This week, the Birmingham music scene has come together to speak out about allegations of sexual assault regarding Carlo Solazzo, the director of prominent live music promotion company, Birmingham Promoters.
Fifty musicians, promoters, DJs and journalists published a collective statement on Bank Holiday Monday stating:
“We are refusing to work with Birmingham Promoters because of sexual assault allegations against Carlo Solazzo. We stand with victims.”
Since being released, the statement has gained fifty more signatures, bringing the total to just over 100.
Public controversy regarding Birmingham Promoters first started over Twitter in early April 2021 when @Lemon_Keneth posted, “As horrible as this SSD debacle may seem. It’s going to look like a drop in the ocean compared to what needs to be uncovered about a certain big promoter on the B*r*i*g*a* music scene. Be prepared to puke up your tea.”
Prompted by allegations of misogyny regarding music promotion company SSD Newcastle, a host of bands and other prevalent members of the Birmingham scene came out to say they would no longer be working with Birmingham Promoters. Most withheld their specific reasons, but multiple statements referenced allegations.
Since the collective statement was released on Monday, more industry people have shared it on social media in agreement and many who spoke out about Birmingham Promoters in April 2021 are now specifying their reasons for boycotting the organisation.
View this post on Instagram
For a number of years rumours regarding Carlo Solazzo sexually assaulting women have circulated the Birmingham music scene. These allegations range from rape and serious sexual assault to public exposure, attempted assault, as well as groping girls and women. However, according to various sources, Birmingham Promoters influence, along with threats to sue those who attempted to bring allegations to light, maintained people’s silence.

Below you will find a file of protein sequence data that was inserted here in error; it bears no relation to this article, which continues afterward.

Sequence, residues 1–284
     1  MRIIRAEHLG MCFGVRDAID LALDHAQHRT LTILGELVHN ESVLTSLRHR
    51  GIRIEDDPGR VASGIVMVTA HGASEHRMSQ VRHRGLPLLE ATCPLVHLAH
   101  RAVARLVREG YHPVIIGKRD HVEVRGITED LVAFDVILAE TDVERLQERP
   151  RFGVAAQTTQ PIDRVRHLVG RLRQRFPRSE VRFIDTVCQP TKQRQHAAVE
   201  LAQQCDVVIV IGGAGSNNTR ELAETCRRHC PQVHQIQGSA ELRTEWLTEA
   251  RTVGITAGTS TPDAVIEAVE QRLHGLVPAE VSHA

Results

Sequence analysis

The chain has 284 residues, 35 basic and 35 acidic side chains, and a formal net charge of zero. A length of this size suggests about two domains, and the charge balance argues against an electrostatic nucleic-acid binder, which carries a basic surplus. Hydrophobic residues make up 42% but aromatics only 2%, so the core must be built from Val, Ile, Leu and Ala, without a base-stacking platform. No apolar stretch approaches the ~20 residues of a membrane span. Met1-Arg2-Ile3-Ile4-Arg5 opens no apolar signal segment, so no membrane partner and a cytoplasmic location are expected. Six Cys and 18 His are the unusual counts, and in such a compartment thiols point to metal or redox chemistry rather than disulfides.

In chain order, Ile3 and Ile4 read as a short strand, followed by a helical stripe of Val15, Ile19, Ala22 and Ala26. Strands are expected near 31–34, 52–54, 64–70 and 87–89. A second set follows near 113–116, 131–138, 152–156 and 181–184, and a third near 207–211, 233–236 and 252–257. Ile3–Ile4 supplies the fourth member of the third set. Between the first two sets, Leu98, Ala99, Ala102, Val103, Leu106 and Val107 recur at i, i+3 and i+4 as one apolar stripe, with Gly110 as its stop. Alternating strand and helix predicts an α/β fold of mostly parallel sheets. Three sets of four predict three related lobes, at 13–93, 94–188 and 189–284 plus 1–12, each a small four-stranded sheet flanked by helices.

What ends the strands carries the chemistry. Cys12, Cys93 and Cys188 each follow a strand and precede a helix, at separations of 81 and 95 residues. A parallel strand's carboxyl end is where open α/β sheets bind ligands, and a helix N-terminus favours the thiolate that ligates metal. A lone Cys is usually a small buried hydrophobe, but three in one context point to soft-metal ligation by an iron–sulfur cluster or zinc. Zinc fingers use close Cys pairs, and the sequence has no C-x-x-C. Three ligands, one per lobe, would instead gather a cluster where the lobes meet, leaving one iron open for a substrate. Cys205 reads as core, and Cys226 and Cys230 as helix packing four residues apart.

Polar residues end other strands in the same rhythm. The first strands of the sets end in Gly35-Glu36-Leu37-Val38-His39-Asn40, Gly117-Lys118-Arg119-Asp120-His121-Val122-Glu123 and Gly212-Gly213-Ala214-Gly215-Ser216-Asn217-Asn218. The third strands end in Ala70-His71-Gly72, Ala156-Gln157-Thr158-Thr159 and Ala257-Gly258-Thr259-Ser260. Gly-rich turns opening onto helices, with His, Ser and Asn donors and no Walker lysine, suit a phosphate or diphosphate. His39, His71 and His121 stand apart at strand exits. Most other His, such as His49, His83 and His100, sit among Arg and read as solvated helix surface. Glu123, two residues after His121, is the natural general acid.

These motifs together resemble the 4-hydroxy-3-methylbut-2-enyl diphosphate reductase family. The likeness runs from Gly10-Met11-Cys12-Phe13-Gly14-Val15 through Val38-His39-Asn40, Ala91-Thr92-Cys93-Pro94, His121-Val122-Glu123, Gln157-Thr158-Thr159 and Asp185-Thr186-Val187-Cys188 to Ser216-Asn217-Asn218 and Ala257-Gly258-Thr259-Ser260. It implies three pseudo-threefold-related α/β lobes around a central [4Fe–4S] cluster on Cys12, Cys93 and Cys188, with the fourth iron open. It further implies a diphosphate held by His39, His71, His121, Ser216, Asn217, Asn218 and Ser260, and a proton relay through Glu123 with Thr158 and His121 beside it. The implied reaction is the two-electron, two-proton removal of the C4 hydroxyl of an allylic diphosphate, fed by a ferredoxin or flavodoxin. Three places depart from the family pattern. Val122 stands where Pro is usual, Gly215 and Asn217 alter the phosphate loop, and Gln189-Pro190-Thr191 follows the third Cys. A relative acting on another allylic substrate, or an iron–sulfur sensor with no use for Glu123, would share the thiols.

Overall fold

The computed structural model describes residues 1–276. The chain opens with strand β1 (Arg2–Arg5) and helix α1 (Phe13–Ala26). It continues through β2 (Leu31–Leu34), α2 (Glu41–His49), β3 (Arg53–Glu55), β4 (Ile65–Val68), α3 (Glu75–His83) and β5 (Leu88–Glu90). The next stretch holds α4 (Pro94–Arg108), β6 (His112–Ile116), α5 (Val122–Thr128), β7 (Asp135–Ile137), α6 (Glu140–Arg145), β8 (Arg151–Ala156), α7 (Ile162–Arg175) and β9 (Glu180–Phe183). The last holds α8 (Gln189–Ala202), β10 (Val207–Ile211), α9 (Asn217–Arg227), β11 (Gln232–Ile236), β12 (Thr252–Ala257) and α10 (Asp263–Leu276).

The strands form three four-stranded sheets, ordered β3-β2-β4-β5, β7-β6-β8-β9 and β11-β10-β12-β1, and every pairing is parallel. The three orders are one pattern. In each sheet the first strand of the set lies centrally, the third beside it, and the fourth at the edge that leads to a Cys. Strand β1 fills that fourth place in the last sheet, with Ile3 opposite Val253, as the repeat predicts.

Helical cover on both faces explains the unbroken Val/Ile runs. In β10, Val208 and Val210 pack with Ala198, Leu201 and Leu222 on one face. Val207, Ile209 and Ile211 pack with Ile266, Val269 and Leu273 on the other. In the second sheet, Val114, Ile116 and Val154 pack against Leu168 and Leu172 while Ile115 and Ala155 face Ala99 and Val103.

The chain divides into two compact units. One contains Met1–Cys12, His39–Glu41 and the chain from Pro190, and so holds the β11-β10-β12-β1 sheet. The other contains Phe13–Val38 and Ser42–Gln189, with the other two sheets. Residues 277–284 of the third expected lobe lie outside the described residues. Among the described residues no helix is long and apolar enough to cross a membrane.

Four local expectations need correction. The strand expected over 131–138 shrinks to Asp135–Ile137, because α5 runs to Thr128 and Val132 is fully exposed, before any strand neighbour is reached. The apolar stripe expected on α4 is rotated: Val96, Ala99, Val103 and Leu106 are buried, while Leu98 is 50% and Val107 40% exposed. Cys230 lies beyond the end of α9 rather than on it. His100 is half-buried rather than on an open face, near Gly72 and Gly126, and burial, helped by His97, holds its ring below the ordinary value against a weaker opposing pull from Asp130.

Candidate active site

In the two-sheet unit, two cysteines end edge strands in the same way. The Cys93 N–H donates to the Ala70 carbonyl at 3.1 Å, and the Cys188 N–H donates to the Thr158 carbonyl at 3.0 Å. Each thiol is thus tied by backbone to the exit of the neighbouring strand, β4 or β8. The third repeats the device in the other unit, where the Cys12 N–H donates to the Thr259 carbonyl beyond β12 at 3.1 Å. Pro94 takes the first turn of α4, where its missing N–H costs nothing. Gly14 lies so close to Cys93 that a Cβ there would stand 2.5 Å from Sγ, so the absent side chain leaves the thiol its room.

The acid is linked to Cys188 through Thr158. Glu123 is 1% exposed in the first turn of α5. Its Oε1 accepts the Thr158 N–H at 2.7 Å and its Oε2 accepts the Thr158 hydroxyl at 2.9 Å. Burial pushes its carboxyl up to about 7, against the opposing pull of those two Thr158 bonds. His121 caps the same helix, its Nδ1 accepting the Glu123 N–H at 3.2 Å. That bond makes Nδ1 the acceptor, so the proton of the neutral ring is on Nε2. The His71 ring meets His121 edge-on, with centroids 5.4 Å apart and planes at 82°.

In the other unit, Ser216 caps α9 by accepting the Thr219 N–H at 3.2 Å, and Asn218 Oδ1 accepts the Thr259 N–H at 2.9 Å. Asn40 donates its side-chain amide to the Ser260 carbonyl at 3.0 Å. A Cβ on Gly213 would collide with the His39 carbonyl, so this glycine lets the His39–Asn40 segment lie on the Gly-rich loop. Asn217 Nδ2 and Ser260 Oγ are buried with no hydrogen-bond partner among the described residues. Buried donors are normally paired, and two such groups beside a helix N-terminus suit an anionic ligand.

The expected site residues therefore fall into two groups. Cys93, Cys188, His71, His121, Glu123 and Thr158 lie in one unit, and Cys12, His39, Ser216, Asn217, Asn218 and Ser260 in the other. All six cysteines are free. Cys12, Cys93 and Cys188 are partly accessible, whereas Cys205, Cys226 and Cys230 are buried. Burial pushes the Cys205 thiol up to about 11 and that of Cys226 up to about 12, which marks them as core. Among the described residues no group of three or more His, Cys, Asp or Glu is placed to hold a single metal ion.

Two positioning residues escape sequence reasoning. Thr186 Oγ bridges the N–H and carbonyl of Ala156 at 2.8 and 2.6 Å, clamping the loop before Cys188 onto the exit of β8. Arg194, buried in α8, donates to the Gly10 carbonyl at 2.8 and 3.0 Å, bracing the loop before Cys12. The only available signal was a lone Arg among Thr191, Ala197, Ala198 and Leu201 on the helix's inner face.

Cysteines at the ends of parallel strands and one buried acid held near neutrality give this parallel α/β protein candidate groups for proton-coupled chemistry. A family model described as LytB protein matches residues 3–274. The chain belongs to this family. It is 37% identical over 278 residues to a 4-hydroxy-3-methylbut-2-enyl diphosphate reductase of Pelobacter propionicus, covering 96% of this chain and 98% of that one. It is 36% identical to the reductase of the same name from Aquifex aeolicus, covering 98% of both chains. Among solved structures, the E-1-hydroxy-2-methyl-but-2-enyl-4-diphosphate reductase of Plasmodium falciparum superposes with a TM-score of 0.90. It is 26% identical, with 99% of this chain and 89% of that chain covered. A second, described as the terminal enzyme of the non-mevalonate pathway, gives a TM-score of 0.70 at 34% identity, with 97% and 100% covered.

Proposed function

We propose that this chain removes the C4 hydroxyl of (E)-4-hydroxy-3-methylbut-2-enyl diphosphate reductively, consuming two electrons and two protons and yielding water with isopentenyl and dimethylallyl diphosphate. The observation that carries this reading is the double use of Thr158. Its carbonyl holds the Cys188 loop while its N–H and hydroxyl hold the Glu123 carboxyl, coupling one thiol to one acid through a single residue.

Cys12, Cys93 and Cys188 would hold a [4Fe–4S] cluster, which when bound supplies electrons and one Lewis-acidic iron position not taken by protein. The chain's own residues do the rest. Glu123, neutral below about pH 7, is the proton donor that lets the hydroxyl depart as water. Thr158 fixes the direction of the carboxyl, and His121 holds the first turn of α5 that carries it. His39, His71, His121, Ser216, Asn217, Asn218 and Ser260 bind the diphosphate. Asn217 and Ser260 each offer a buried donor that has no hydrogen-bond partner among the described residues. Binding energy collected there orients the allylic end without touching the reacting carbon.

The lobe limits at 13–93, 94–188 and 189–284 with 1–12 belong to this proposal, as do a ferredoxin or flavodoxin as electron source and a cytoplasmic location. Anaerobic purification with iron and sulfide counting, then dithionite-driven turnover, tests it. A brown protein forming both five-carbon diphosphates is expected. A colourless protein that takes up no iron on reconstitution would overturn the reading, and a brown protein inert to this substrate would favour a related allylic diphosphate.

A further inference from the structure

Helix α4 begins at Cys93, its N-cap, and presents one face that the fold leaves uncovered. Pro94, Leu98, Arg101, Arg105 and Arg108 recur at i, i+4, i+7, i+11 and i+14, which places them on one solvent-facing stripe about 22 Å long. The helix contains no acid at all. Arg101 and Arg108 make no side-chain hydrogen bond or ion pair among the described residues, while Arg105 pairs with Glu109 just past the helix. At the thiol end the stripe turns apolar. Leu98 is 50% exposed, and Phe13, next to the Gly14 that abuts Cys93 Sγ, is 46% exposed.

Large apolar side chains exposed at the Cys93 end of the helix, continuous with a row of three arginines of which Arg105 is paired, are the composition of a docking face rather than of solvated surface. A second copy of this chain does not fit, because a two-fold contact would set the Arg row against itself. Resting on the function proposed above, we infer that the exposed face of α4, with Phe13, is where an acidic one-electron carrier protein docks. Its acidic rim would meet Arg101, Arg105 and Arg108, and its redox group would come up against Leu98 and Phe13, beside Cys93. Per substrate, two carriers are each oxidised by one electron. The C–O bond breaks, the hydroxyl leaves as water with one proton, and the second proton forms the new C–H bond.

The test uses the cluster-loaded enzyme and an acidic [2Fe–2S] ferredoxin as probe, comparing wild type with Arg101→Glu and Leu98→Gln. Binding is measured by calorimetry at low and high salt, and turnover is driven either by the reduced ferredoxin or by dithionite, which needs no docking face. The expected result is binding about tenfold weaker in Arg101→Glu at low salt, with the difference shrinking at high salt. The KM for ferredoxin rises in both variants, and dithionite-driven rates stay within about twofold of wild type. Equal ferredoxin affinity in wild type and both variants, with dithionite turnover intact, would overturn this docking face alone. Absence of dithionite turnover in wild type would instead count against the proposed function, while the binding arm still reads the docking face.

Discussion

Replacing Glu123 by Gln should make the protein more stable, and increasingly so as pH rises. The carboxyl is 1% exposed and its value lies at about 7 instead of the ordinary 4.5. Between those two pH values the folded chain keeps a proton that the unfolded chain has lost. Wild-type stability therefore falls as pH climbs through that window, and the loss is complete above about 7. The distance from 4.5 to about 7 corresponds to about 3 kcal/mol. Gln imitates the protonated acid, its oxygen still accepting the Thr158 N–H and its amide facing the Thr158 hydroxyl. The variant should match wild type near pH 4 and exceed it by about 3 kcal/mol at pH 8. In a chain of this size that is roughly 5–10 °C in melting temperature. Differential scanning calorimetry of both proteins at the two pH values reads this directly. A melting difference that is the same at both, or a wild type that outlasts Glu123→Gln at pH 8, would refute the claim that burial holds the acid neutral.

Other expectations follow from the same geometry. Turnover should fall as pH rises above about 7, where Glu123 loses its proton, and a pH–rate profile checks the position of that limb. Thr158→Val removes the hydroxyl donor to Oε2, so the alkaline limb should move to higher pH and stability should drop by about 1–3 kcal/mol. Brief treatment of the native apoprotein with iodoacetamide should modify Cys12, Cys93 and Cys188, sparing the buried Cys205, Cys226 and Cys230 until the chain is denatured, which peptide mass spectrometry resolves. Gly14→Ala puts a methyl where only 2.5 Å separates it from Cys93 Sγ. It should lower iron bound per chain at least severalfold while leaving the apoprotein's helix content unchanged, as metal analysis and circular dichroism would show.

But now the scene is refusing to stay quiet.
Thomas Edward from the Black Country rock band God Damn said: “It just reached a point where the stories were starting to triangulate with various sources, matching up and checking out without any doubt. Hearing from victim’s mouths is very visceral and you can’t ignore that sh*t. We believe victims.
Once is too far as it is, but the multiple, repeated, systematic abuse of power over a long period of time is pure gut-wrenching sadness. Our scene is beautiful in so many ways but this immoral, abhorrent, disturbing and disgusting cancer needs cutting out. I’ve got to the point now where if Carlo Solazzo wants to continue to use taxpayers’ money to fund his legal fees to threaten victims and people who will speak out, I’ll happily ignore those letters all day long.”
In the past, there have been attempts to ‘call out’ Carlo, but none have had a significant impact.
Hannah Al-Shemmeri, who plays Synth for God Damn, once graffitied the toilets in Dead Wax, a venue who’s performance calendar used to be managed by Birmingham Promoters.
Hannah explained, “We were all really excited about a new venue at the time opening in Digbeth called Dead Wax. A load of our friends’ bands were playing one of the opening nights, and right before the show we found out that Carlo Solazzo was the in-house promotor there. I was really angry and disappointed to find this out as I was aware that there was a police investigation against Carlo for sexual assault.